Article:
• Environmental Studies Program

    The U.S. Bureau of Labor Statistics predicts that the number of jobs for environmental scientists will grow by 25% in the next decade. If that’s not reason enough to major in environmental studies, consider the many opportunities to conduct field work, study real life issues such as climate change and the energy crisis, participate in internships and study abroad, and draw on a variety of disciplines including science, economics, politics, law, philosophy, and communications.

    Students in the environmental studies major at Hamline follow an individualized program of study that includes three required courses (“Biodiversity and Conservation Biology,” “Introduction to Environmental Studies,” and “Problem Solving in Environmental Studies”), six courses in a discipline of the student’s choice, an internship, and five supporting courses.

    Before declaring the major, students are encouraged to think about their post-Hamline goals and meet with the chair of the environmental studies program to determine an appropriate specialty. Law, political science, chemistry, biology, and teaching are all popular complements to the environmental studies major.

    Majors enjoy personal attention from their professors and immediate access to laboratory equipment. They will have the opportunity to participate in collaborative research with their professors and present their results at national conferences where they will also network with professionals in their field.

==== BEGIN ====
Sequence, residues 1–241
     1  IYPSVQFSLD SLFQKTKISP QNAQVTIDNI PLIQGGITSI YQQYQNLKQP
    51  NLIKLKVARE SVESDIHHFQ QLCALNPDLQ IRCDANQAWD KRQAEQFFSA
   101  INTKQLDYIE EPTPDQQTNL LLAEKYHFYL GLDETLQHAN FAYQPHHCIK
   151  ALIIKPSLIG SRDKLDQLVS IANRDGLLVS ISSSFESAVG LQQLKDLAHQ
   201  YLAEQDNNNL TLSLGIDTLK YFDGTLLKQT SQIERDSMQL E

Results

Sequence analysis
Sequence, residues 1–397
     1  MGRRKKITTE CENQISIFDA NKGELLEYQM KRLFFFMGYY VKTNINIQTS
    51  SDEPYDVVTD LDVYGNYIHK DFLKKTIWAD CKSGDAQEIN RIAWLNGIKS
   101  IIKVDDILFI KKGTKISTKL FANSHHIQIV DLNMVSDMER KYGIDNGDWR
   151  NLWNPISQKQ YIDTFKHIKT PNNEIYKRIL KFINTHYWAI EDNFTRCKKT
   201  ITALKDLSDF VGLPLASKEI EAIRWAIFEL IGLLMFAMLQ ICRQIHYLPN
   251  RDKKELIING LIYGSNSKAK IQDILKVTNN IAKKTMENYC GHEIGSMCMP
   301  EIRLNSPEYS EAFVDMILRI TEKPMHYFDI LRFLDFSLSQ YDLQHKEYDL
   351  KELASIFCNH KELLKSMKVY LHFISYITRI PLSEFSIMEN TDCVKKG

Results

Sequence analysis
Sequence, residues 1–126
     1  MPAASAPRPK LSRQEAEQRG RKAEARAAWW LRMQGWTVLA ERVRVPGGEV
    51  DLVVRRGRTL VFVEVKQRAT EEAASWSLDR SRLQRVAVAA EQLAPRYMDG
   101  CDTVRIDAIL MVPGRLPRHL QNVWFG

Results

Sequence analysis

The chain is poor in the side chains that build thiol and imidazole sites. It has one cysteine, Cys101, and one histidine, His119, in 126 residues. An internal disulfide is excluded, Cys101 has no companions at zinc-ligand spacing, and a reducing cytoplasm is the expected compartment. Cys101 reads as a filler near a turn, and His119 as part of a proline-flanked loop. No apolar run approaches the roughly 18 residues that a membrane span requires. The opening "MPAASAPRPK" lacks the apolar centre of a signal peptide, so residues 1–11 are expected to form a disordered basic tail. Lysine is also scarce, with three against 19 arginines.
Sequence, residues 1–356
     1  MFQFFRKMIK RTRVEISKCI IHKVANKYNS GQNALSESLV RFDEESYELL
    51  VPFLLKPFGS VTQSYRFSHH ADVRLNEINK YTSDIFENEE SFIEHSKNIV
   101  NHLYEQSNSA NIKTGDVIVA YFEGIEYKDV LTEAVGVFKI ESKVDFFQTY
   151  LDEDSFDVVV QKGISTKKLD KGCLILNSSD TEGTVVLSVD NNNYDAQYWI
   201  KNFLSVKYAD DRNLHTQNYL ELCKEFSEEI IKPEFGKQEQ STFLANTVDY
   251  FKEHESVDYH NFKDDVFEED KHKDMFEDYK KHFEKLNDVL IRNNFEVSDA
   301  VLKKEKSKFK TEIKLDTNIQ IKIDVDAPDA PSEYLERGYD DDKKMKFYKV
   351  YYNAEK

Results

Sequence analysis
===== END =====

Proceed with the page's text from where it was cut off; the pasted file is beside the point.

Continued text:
Internships are required. In recent years students have interned as teachers, campus organizers, environmental law assistants, native plant landscapers, and researchers. They also have worked for habitat restoration organizations and sustainability institutes.

    On campus majors are active in student organizations such as the Minnesota Public Interest Research Group (MPIRG) and SPROUT (Students Proposing Realistic Options for Under-utilized Territory), the student organic garden.

    There is no shortage of employment or advanced study opportunities for environmental studies majors. Students may go on to careers as: environmental scientists, lawyers, geoscientists, oceanographers, science teachers, engineers, product developers, advocates, park rangers, naturalists, and biologists. Read more about life after Hamline.



    ESTD 5950: Problem Solving in Environmental Studies
    Students cultivate the competencies needed to address environment problems, including working in groups, discussion and presentation skills, writing skills, understanding multiple viewpoints, and analyzing and presenting conflicting information.

    Read more about the coursework 


    Environmental studies majors can pursue their own, independent research projects. Past studies have included: “Restoring Prairie and Forest Ecosystems” and “Small Farmers and Sustainable Agriculture.”

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    Environmental Studies home 

  • feature.shields

    Student Profile

    Margaret Shields graduated in 2010 and is the founder of SPROUT.